stackoverflow. Do not print the edges. and variance each increase or decrease compared to n = 10? Why do you think is that the case (provide an argument for each case)? Time and Space Complexity For an algorithm to be useful it has to be correct (it computes what it is supposed to compute) and it has to be efficient (it should compute its result in as little time and space as possible). This notion of efficiency is formally called “computational complexity. not constant). The program should compute and print the following numbers: the min. mean. just “complexity. Generate 100 random graphs.com. O(n) should be read as: “the complexity of the algorithms is of the order of n. A single for loop.3 Write two routines to compute (1) the mean and (2) the variance of the number of edges in a series of graphs. when the meaning is clear. and variance of the degree distribution of each graph. 2 Note that the word “complex” is used in many contexts.”2 For most algorithms the computational complexity depends on the size of the input problem. such as your statistics books. A doubly nested for loop from 1 to n has quadratic time complexity (since the operations inside the outer-most loop now also take linear time. Homework 6. only the mean and variance if the number of edges for the graphs. (Defintions and algorithms of mean and variance can be found in the usual places. To put it differently. and complexity is expressed in “big O” notation. 0.0 edge probabilities. median. Is the mean of 100 graphs different from 10 graphs? What about the variance? Why? Exercise 6. then the run time of the algorithm also increases by that factor.4 Computing Graph Properties Next we will consider computing the distribution of the degree of the vertices of a graph. . we are here dealing with the computational complexity of complex network computations. 6.1.” and often. exponential. An algorithm with a quadratic time complexity takes a 100 times longer to run. where the O is followed by some function. median. max.5. The time complexity of an algorithm indicates how the running time scales with the size n of the input.” which means that there is a constant C such that the complexity is bounded by C × n.05. Generate 10 random graphs. Repeat this exercise with n = 100. 0. running from 1 to n has a run time that is linear in n (assuming the operations inside the for loop take constant time).4 Write a program to compute the degree distribution of a random graph with n = 10 vertices and p = 0.3 Is your answer correct? Why do you believe that your answer is correct? Name two strategies to use so you can have more faith in the correctness of your program.98 CHAPTER 6. max. and compute mean and variance of the number of edges. mean. RANDOM GRAPH IMPLEMENTATION Homework 6. or Wikipedia). A linear time complexity means that when the size of the matrix increases by a factor of 10. or logarithmic function. and compute mean and variance of the number of edges. 1. usually a linear. Do the values of min.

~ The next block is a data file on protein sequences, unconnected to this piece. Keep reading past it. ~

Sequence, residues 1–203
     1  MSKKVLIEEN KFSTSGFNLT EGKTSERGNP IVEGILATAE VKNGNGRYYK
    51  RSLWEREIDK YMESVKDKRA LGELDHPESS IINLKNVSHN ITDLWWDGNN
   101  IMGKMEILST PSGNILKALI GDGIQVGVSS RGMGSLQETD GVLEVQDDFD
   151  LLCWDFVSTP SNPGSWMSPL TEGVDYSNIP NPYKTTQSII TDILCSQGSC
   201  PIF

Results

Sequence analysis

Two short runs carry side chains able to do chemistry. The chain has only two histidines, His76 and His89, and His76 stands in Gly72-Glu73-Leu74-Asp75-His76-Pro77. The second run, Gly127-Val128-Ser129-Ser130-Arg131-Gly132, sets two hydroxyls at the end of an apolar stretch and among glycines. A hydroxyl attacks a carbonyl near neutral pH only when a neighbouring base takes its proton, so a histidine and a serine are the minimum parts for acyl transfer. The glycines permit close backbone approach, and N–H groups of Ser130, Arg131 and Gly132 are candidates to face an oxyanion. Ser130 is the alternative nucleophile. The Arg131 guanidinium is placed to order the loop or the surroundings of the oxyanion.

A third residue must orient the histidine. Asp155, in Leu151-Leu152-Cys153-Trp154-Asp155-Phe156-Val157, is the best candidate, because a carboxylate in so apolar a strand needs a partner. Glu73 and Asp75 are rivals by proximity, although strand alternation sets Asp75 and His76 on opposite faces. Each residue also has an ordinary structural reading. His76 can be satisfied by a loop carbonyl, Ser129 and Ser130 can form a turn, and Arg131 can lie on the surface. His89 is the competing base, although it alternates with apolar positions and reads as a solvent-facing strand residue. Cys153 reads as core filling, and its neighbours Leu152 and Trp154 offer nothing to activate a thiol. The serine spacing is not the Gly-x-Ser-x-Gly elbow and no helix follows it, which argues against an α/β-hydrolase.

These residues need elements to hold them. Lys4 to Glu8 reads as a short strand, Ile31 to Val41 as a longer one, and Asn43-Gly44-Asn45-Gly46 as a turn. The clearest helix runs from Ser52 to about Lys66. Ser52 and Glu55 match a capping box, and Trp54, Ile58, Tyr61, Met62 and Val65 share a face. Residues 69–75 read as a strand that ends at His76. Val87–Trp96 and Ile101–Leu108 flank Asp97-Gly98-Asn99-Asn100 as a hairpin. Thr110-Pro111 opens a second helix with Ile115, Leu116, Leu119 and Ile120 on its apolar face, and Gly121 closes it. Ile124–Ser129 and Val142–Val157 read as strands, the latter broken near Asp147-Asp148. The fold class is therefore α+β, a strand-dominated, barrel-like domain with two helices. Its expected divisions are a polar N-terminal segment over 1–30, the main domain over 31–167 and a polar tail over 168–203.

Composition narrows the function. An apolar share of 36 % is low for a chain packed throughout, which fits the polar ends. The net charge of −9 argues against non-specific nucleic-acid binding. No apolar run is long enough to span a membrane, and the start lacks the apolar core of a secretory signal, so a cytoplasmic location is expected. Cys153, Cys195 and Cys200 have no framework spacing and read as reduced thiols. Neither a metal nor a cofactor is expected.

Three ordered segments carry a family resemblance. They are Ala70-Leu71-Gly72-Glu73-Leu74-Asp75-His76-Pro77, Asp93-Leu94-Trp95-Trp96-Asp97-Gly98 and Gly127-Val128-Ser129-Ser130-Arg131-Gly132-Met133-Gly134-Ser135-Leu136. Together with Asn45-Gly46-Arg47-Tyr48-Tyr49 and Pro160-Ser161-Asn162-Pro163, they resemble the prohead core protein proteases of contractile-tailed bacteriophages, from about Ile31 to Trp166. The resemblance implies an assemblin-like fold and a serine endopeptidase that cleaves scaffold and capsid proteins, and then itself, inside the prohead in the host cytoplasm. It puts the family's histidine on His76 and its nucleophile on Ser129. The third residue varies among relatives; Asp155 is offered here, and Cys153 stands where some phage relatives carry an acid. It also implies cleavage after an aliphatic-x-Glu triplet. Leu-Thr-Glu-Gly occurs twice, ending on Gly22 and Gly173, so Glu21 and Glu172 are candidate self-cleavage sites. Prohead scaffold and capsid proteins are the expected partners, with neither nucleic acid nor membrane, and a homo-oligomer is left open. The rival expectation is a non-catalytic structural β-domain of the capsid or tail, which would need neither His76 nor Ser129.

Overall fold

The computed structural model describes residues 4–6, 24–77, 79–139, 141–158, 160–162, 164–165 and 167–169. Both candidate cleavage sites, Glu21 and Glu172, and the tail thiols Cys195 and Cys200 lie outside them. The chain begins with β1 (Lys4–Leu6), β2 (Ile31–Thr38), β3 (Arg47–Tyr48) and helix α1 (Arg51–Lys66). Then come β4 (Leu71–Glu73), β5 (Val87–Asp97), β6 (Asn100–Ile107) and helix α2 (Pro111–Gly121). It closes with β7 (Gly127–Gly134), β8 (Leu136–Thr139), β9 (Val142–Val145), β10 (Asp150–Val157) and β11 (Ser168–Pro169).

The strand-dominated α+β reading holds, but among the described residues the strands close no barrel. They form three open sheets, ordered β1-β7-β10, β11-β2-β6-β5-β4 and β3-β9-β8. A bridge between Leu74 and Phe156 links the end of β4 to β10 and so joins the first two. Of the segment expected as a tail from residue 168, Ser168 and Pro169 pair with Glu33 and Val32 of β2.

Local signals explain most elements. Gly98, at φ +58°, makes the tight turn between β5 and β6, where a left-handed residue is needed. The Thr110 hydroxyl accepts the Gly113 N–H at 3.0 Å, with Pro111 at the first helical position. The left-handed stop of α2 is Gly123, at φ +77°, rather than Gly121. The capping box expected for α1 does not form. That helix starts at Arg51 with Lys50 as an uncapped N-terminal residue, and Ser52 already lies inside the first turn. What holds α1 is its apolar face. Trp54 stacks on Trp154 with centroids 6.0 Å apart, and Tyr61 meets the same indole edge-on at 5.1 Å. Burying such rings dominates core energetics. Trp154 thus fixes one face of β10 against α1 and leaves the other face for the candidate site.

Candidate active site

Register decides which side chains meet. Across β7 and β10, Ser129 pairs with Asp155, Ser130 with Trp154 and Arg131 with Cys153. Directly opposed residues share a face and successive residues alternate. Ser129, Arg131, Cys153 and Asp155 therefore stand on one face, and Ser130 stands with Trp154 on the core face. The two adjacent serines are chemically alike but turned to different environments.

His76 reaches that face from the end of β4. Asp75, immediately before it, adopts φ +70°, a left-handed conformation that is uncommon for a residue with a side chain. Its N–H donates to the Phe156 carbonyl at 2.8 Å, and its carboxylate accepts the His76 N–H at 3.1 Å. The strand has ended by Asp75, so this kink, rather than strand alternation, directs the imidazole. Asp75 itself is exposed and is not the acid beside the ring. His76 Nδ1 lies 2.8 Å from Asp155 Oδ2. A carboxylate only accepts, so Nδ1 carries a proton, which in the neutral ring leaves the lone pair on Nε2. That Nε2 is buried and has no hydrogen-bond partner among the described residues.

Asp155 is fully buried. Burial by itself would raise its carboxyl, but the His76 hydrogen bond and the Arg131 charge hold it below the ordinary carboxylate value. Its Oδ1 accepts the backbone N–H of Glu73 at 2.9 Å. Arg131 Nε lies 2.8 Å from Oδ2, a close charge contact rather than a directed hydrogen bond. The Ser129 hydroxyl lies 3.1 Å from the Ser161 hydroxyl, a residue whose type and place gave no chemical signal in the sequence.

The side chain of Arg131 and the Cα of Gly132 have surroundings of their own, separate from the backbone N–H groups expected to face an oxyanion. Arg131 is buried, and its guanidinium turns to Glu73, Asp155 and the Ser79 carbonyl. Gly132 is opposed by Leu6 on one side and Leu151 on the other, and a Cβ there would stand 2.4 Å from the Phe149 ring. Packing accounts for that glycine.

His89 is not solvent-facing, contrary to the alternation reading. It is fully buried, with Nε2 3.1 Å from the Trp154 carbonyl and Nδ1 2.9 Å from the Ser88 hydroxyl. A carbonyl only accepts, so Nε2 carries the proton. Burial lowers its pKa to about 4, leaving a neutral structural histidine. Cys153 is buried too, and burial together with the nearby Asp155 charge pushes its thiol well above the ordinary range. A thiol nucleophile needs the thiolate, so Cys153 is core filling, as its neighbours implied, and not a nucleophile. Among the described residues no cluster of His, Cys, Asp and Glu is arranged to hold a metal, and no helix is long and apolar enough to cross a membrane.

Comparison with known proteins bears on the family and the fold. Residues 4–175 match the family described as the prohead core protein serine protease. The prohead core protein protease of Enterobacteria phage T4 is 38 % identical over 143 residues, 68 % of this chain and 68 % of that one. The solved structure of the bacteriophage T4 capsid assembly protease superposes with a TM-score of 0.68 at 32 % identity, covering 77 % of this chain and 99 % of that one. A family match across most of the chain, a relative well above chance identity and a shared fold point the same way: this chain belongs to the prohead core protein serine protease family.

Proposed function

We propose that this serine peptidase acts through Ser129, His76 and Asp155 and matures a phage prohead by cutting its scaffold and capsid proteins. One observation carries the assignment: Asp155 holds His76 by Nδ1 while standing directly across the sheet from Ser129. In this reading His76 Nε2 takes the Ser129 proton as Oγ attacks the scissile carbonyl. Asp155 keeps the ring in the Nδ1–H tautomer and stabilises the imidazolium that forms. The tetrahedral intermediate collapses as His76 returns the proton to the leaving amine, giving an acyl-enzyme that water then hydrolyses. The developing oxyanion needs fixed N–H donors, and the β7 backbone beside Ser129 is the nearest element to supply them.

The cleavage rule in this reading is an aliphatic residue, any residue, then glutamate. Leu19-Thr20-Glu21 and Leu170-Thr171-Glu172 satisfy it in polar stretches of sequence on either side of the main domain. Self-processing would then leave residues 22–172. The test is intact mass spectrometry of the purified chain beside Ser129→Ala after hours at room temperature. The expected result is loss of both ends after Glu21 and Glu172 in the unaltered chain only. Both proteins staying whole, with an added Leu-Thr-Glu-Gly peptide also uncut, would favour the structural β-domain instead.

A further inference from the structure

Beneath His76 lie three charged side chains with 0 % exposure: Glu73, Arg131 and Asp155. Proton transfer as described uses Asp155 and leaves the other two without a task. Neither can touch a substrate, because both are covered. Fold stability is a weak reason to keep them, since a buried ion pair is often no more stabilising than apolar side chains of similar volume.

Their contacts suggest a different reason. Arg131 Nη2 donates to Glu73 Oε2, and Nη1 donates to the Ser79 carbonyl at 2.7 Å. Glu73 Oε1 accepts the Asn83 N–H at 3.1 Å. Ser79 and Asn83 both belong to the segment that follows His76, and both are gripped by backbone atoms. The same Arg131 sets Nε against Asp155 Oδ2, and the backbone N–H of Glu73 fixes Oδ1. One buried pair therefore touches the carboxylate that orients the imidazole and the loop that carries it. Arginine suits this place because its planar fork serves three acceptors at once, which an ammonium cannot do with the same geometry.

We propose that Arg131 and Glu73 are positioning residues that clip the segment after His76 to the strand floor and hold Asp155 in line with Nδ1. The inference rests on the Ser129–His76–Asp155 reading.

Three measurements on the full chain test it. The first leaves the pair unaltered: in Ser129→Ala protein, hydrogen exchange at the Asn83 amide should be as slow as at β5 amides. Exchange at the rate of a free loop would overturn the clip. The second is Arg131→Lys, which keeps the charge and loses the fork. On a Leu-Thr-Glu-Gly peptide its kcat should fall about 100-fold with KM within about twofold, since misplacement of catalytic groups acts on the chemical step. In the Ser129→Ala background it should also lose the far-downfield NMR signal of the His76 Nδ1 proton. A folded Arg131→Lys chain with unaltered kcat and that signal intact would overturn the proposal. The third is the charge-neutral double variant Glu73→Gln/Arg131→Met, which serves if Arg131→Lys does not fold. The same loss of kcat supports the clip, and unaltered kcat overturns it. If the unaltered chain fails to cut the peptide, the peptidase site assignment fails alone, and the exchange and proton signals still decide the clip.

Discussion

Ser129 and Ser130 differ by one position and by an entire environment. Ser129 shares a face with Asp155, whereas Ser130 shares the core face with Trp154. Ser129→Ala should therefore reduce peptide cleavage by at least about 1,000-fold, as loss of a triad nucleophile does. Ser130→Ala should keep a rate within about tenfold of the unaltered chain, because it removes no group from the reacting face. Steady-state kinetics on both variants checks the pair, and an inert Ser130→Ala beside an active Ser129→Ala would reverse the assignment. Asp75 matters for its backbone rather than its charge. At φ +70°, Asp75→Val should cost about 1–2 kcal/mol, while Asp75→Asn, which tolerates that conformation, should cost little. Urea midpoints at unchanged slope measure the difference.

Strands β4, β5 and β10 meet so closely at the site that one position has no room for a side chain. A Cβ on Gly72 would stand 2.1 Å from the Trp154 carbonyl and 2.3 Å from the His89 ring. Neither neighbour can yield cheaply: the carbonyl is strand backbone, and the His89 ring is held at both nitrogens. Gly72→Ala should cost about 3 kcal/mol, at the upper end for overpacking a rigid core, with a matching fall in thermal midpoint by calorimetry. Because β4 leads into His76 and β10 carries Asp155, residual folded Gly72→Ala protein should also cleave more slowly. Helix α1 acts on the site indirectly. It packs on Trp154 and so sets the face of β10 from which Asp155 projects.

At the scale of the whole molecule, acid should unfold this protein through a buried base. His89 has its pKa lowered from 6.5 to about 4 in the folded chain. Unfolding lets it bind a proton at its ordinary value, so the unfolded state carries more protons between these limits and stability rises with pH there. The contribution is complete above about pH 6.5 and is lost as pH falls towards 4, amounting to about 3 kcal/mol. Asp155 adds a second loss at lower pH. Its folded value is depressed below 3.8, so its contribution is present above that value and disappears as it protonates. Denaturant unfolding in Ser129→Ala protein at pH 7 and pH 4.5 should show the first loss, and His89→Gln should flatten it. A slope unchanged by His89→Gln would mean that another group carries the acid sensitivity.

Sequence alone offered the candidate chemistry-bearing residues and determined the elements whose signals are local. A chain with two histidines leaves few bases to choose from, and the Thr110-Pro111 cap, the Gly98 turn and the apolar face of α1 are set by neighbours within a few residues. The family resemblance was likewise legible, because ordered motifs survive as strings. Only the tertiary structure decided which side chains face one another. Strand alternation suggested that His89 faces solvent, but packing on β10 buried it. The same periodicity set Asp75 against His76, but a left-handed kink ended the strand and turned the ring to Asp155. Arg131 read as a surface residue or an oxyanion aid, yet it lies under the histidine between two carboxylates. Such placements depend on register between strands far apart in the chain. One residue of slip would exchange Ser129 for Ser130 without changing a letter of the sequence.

. Google for Gephi. In order to reduce the homework workload. You should now see a nice graph of the relations between the characters in this famous play. Gephi draws a colored diagram of the network. 6. that can be quite useful to get a feel for the graphs that you are working with. just click OK on the import report. or even faster. Les Miserables. that run in linear time. go back to the Overview.1. for Windows you may need to install the latest Java version (available at https://java. there are no Compulsory exercises for Gephi. or go to http://gephi. switch to Data Laboratory. such as the ones that we have our own algorihtms for. [Russel and Norvig(1995)] for examples). In the remainder of this course you will from time to time be asked to use Gephi to create a picture of the network that you are working with. VISUALIZATION 99 The space complexity of an algorithm indicates how much storage an algorithm needs. Click on the Run buttons. A popular visualization tool is Gephi. or that you have generated with your program. 6. and thus has quadratic space complexity in n. 6. and launch a sample network. and see what happens.6. Windows). For these properties approximation algorithms may have been devised. in sub-linear time (see. etc. for example. However. An adjacency matrix is a two dimensional array. Gephi is a nice tool to play around with.2.github.2 Running Gephi Startup the program.2 Visualization The structure of complex networks is facilitated by visualization tools. Network Diameter.io and download the package that is suited for your operating system (Linux. To the right of the pane are buttons to compute network properties such as Average Degree. the number of vertices. Your sample file is imported. right click on the large red circle. you must download it from the ususal download site. such as computing the shortest path between all pairs of vertices.com/en/download/). some network properties are harder to compute exactly. Mac OS X. such as counting the number of vertices or edges.2.2. We say that the run-time of the algorithm is linearly (or polynomially) related to the size of the network. that draw a graphical depiction of a graph. Your screen should look like the screenshot in Figure 6. Visualization is an important method for undertanding the structure of your network.1 Downloading Gephi In order to use Gephi. and require a run-time that has a quadratic or cubic relation to the size of the network.4 Click on Data Laboratory. and can be used to compute network properties. and you will see that the best connected character in Les Miserables is Valjean. Some network properties can be computed quickly. Exercise 6. Everything should work right away under Linux and Mac OS X.